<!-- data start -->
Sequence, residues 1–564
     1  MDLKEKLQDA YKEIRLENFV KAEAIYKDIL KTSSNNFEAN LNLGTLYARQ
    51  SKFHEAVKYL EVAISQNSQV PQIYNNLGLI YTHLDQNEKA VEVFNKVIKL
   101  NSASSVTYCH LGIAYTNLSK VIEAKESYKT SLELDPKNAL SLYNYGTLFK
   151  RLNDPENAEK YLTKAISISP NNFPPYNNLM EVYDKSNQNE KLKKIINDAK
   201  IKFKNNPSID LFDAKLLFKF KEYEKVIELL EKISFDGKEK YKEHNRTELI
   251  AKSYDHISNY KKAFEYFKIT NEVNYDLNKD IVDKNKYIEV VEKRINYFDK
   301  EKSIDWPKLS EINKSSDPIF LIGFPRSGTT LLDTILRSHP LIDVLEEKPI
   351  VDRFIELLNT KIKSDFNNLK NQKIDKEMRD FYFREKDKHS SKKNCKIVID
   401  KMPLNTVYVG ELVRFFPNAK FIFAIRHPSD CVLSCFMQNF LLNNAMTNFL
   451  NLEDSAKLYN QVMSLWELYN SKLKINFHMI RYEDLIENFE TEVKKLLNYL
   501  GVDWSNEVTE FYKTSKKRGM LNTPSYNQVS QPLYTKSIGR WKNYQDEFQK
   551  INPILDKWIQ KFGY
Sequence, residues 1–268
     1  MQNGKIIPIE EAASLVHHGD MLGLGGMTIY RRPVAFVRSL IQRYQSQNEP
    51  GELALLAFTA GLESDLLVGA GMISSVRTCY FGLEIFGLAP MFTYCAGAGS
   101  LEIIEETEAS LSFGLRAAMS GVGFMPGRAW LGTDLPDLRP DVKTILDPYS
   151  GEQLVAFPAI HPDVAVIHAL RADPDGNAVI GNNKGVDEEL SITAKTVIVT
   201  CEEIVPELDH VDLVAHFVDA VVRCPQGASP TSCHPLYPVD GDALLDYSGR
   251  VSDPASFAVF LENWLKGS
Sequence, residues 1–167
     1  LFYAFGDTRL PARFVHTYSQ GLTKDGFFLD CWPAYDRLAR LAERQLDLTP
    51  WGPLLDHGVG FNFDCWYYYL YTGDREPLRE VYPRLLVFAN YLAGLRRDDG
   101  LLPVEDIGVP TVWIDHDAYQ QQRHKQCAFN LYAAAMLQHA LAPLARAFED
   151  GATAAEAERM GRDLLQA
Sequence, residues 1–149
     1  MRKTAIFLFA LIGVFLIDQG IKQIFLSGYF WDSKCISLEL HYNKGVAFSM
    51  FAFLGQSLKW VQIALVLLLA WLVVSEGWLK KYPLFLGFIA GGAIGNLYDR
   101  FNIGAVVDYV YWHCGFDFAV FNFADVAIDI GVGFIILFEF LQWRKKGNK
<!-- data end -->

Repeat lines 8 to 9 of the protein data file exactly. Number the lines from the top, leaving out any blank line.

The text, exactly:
   301  EKSIDWPKLS EINKSSDPIF LIGFPRSGTT LLDTILRSHP LIDVLEEKPI
   351  VDRFIELLNT KIKSDFNNLK NQKIDKEMRD FYFREKDKHS SKKNCKIVID